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Drug delivery

Targeted, dual-drug liposomal nanoparticles

Dual-drug liposomal nanoparticles could be useful for delivering combinations of cancer therapeutics. The liposomes were coated with folate to facilitate cancer cell targeting and loaded with Tarceva erlotinib in their hydrophobic regions and doxorubicin in their hydrophilic regions. In mouse xenograft models of triple-negative breast cancer (TNBC) and non-small cell lung cancer (NSCLC), the nanoparticles caused tumor regression, whereas targeted, single-drug nanoparticles resulted in continued tumor growth. In human TNBC and NSCLC cell lines, folate-targeted liposomes loaded with doxorubicin or cisplatin and various receptor tyrosine kinase (RTK) inhibitors generally showed greater cytotoxicity than liposomes containing single drugs. Next steps could include evaluating the liposomal nanoparticles for the delivery of additional combinations of cancer drugs.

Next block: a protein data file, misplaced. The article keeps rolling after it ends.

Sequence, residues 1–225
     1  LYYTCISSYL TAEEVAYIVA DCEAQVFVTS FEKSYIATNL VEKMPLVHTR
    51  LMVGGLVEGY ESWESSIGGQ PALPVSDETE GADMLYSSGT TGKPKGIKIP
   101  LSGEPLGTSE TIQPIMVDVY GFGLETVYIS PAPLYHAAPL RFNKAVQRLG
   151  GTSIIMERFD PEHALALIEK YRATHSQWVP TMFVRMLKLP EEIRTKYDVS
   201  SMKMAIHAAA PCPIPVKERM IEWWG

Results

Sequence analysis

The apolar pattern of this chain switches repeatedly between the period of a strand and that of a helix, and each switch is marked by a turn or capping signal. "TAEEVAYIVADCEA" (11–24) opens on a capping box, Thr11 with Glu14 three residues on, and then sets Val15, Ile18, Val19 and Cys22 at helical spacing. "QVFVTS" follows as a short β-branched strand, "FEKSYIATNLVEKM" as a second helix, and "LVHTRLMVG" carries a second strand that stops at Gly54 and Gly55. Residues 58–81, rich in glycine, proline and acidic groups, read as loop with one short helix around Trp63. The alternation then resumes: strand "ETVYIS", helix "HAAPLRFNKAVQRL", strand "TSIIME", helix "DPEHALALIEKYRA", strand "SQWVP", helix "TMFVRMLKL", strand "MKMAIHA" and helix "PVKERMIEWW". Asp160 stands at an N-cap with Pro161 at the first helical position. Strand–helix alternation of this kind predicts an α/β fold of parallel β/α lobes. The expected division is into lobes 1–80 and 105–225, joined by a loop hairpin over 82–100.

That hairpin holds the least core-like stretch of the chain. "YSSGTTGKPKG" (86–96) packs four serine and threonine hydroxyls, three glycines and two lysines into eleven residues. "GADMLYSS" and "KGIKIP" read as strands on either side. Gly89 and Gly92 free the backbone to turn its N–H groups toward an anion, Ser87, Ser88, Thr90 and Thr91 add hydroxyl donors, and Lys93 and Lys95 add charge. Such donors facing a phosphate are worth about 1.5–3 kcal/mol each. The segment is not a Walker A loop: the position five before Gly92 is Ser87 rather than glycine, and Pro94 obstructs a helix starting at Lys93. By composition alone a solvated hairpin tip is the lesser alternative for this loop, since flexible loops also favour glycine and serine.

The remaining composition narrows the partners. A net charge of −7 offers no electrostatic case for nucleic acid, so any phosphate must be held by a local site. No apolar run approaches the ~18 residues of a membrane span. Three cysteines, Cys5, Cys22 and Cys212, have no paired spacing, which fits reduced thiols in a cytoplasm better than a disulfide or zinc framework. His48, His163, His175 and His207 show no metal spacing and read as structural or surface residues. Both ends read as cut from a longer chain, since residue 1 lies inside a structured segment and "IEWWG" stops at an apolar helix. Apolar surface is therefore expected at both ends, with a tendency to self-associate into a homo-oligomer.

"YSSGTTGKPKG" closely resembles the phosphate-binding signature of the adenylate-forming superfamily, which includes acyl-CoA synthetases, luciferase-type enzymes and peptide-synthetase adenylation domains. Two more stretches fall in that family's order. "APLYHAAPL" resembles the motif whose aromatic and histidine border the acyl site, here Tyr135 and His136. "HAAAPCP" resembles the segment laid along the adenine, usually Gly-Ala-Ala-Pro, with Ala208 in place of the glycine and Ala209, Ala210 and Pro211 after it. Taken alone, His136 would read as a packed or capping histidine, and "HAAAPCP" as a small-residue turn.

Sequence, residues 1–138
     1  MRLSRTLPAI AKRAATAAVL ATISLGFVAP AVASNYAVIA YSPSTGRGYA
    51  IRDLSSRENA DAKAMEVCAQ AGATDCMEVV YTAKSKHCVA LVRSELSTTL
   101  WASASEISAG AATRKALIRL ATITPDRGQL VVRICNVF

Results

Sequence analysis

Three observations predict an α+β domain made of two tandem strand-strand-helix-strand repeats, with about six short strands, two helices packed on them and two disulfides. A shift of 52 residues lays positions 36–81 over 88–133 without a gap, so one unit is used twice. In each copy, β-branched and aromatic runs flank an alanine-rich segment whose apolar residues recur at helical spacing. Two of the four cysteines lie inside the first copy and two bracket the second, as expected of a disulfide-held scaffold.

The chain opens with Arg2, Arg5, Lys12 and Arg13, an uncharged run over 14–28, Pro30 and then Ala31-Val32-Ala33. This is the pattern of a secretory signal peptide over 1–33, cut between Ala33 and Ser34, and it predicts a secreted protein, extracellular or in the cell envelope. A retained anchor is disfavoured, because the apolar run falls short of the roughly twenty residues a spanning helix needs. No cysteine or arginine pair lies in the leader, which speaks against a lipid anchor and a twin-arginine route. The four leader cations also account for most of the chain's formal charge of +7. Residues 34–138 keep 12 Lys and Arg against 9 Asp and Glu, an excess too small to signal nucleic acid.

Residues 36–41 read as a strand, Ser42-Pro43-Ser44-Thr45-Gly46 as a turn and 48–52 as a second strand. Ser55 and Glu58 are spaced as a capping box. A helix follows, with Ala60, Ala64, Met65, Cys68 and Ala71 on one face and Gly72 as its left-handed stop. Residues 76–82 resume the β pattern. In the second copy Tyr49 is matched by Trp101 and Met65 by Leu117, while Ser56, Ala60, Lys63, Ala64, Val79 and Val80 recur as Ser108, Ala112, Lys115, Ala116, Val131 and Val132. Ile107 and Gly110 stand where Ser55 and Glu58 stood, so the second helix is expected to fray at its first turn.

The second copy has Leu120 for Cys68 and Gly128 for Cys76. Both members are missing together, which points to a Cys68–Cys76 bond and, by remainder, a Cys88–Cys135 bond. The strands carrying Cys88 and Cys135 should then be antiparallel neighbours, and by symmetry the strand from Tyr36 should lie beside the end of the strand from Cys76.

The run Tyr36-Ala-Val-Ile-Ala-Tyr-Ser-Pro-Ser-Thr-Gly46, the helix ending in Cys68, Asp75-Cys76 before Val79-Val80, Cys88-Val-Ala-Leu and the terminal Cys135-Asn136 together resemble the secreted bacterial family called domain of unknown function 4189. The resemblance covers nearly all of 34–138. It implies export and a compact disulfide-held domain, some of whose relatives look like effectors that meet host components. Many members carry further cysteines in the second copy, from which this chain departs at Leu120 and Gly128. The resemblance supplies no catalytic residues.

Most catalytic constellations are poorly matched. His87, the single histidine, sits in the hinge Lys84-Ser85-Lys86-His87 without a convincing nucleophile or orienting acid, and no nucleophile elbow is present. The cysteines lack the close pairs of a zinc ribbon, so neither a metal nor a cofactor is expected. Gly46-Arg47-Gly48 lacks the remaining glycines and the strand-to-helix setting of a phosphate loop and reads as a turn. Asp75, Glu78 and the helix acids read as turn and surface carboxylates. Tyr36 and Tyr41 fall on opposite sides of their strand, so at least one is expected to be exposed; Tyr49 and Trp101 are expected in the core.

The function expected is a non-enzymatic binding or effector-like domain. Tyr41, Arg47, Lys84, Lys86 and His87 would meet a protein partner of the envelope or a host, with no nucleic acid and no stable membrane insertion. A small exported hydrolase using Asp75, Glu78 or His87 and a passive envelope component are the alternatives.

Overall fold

Astellas Pharma Inc., Chugai Pharmaceutical Co. Ltd. and Roche market the small molecule epidermal growth factor receptor (EGFR) inhibitor Tarceva to treat liver cancer, pancreatic cancer and NSCLC.

SciBX 7(23); doi:10.1038/scibx.2014.689
Published online June 12, 2014

Patent application filed; licensing status unavailable

Morton, S.W. et al. Sci. Signal.; published online May 13, 2014;
Contact: Paula T. Hammond, Massachusetts Institute of Technology, Cambridge, Mass.